Re: [PATCH 11/12] vmscan: Write out dirty pages in batch

From: Dave Chinner
Date: Mon Jun 14 2010 - 23:21:33 EST

On Mon, Jun 14, 2010 at 06:39:57PM -0700, Andrew Morton wrote:
> On Tue, 15 Jun 2010 10:39:43 +1000 Dave Chinner <david@xxxxxxxxxxxxx> wrote:
> > On Mon, Jun 14, 2010 at 04:21:43PM -0700, Andrew Morton wrote:
> > > On Tue, 15 Jun 2010 09:11:44 +1000
> > > > 10-15% reduction in seeks on simple kernel compile workloads. This
> > > > shows that if we optimise IO patterns at higher layers where the
> > > > sort window is much, much larger than in the IO scheduler, then
> > > > overall system performance improves....
> > >
> > > Yup.
> > >
> > > But then, this all really should be done at the block layer so other
> > > io-submitting-paths can benefit from it.
> >
> > That was what we did in the past with really, really deep IO
> > scheduler queues. That leads to IO latency and OOM problems because
> > we could lock gigabytes of memory away under IO and take minutes to
> > clean it.
> >
> > Besides, there really isn't the right context in the block layer to
> > be able to queue and prioritise large amounts of IO without
> > significant penalties to some higher layer operation.
> >
> > > IOW, maybe "the sort queue is the submission queue" wasn't a good idea.
> >
> > Perhaps, but IMO sorting should be done where the context allows it
> > to be done most efficiently. Sorting is most effective when ever a
> > significant queue of IO is formed, whether it be in the filesystem,
> > the VFS, the VM or the block layer because the IO stack is very much
> > a GIGO queue.
> >
> > Simply put, there's nothing the lower layers can do to optimise bad
> > IO patterns from the higher layers because they have small sort
> > windows which are necessary to keep IO latency in check. Hence if
> > the higher layers feed the lower layers crap they simply don't have
> > the context or depth to perform the same level of optimistations we
> > can do easily higher up the stack.
> >
> > IOWs, IMO anywhere there is a context with significant queue of IO,
> > that's where we should be doing a better job of sorting before that
> > IO is dispatched to the lower layers. This is still no guarantee of
> > better IO (e.g. if the filesystem fragments the file) but it does
> > give the lower layers a far better chance at optimal allocation and
> > scheduling of IO...
> None of what you said had much to do with what I said.
> What you've described are implementation problems in the current block
> layer because it conflates "sorting" with "queueing". I'm saying "fix
> that".

You can't sort until you've queued.

> And... sorting at the block layer will always be superior to sorting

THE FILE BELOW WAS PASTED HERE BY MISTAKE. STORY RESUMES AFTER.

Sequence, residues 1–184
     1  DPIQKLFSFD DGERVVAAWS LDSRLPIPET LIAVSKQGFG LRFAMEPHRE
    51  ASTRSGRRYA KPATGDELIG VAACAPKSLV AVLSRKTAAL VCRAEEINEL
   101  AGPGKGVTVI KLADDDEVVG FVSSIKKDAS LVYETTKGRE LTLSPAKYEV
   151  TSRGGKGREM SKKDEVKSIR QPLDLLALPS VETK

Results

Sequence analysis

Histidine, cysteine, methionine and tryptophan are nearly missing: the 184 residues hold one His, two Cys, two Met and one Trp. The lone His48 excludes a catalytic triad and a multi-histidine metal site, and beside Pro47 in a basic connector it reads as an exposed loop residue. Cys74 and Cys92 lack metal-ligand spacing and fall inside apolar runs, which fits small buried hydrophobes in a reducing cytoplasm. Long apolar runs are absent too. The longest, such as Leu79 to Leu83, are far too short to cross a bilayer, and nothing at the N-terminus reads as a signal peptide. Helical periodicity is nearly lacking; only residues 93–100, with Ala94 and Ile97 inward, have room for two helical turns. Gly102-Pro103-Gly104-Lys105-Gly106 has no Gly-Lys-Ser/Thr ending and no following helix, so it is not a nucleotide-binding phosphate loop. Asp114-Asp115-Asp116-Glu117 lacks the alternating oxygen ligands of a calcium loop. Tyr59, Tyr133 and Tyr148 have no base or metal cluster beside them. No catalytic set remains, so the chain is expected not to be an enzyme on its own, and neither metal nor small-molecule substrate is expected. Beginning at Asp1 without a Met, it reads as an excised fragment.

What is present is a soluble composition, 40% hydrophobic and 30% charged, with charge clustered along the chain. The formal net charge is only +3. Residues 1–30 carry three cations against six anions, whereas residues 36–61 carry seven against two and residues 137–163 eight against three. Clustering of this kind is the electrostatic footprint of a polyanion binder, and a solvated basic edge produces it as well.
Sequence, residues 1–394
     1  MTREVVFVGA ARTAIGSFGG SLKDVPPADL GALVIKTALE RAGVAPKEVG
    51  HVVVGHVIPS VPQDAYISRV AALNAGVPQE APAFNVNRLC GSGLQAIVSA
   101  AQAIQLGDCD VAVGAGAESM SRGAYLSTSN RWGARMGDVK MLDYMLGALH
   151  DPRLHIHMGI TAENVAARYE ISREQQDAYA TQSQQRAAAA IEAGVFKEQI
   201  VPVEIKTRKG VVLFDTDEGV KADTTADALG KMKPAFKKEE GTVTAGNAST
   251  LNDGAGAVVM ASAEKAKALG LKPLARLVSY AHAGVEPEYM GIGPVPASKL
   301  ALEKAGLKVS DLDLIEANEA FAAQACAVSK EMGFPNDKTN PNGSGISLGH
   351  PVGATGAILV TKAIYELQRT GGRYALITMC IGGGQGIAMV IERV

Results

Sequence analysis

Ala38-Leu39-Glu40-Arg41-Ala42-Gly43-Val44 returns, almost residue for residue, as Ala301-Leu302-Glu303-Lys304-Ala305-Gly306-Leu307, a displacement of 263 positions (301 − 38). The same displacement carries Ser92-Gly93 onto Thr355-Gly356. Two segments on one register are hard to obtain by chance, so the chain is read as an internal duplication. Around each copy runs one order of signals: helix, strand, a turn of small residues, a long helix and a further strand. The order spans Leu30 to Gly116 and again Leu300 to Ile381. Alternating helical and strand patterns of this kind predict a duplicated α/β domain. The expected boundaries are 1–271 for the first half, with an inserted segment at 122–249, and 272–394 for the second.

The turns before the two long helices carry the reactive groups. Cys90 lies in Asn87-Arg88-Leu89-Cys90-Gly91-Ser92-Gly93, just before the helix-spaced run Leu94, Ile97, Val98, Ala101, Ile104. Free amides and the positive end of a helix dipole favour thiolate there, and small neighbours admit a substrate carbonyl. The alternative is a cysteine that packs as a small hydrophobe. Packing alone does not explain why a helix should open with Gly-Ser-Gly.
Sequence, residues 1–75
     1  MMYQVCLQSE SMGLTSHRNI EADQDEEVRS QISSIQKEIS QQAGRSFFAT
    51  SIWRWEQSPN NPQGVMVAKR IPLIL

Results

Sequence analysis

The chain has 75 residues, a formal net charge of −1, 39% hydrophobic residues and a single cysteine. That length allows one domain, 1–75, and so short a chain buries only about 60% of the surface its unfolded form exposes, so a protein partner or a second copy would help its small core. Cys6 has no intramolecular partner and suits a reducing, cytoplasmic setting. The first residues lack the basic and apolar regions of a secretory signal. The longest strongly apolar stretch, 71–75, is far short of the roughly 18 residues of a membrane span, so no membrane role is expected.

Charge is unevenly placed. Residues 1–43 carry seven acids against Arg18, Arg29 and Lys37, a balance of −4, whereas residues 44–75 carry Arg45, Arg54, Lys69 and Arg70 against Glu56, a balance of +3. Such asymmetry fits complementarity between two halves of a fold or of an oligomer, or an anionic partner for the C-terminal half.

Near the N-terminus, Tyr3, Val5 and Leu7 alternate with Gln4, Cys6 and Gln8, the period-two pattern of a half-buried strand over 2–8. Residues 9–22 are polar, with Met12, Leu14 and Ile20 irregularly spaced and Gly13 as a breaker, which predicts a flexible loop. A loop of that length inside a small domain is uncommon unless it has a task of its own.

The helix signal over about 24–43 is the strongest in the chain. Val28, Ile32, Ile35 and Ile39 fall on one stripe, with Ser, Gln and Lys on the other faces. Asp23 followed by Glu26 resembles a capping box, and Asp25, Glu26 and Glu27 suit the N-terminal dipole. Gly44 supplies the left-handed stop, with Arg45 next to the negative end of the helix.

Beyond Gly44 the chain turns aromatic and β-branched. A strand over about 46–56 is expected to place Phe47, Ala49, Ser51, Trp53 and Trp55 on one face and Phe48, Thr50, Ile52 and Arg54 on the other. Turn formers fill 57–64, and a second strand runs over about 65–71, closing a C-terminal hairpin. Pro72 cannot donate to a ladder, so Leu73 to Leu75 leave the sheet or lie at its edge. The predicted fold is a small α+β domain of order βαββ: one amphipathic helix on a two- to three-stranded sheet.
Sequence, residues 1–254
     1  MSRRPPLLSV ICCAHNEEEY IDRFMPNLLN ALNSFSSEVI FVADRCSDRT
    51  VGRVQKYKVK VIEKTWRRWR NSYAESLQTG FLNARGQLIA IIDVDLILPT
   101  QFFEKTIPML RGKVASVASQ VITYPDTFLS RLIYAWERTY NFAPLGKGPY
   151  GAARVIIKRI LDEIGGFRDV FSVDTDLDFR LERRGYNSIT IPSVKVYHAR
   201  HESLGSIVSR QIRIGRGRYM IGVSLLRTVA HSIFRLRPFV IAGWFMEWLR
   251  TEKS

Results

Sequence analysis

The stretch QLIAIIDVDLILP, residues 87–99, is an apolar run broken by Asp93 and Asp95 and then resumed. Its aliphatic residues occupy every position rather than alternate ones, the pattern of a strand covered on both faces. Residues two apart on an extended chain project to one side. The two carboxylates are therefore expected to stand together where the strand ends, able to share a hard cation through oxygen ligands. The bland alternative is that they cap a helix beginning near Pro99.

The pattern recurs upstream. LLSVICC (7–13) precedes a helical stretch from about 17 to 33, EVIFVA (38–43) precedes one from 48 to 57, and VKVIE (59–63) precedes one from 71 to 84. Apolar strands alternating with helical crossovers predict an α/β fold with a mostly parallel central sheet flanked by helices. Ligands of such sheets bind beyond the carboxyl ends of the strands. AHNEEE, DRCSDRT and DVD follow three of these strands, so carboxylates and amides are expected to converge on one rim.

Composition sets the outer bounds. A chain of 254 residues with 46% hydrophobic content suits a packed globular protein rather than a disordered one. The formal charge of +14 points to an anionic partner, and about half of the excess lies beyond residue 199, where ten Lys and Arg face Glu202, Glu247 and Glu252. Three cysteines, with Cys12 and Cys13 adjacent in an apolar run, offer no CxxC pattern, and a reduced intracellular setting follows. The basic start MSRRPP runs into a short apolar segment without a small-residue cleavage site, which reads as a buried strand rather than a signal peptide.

> at the pagecache layer because the block layer sorts at the physical
> block level and can handle not-well-laid-out files and can sort and merge
> pages from different address_spaces.

Yes it, can do that. And it still does that even if the higher
layers sort their I/O dispatch better,

Filesystems try very hard to allocate adjacent logical offsets in a
file in adjacent physical blocks on disk - that's the whole point of
extent-indexed filesystems. Hence with modern filesystems there is
generally a direct correlation between the page {mapping,index}
tuple and the physical location of the mapped block.

i.e. there is generally zero physical correlation between pages in
different mappings, but there is a high physical correlation
between the index of pages on the same mapping. Hence by sorting
where we have a {mapping,index} context, we push out IO that is
much more likely to be in contiguous physical chunks that the
current random page shootdown.

We optimise applications to use these sorts of correlations all the
time to improve IO patterns. Why can't we make the same sort of
optmisations to the IO that the VM issues?

> Still, I suspect none of it will improve anything anyway. Those pages
> are still dirty, possibly-locked and need to go to disk. It doesn't
> matter from the MM POV whether they sit in some VM list or in the
> request queue.

Oh, but it does.....

> Possibly there may be some benefit to not putting so many of these
> unreclaimable pages into the queue all at the the same time. But
> that's a shortcoming in the block code: we should be able to shove
> arbitrary numbers of dirty page (segments) into the queue and not gum
> the system up. Don't try to work around that in the VM.

I think you know perfectly well why the system gums up when we
increase block layer queue depth: it's the fact that the _VM_ relies
on block layer queue congestion to limit the amount of dirty memory
in the system.

We've got a feedback loop between the block layer and the VM that
only works if block device queues are kept shallow. Keeping the
number of dirty pages under control is a VM responsibility, but it
is putting limitations on the block layer to ensure that the VM
works correctly. If you want the block layer to have deep queues,
then someone needs to fix the VM not to require knowledge of the
internal operation of the block layer for correct operation.

Adding a few lines of code to sort a list in the VM is far, far
easier than redesigning the write throttling code....


Dave Chinner
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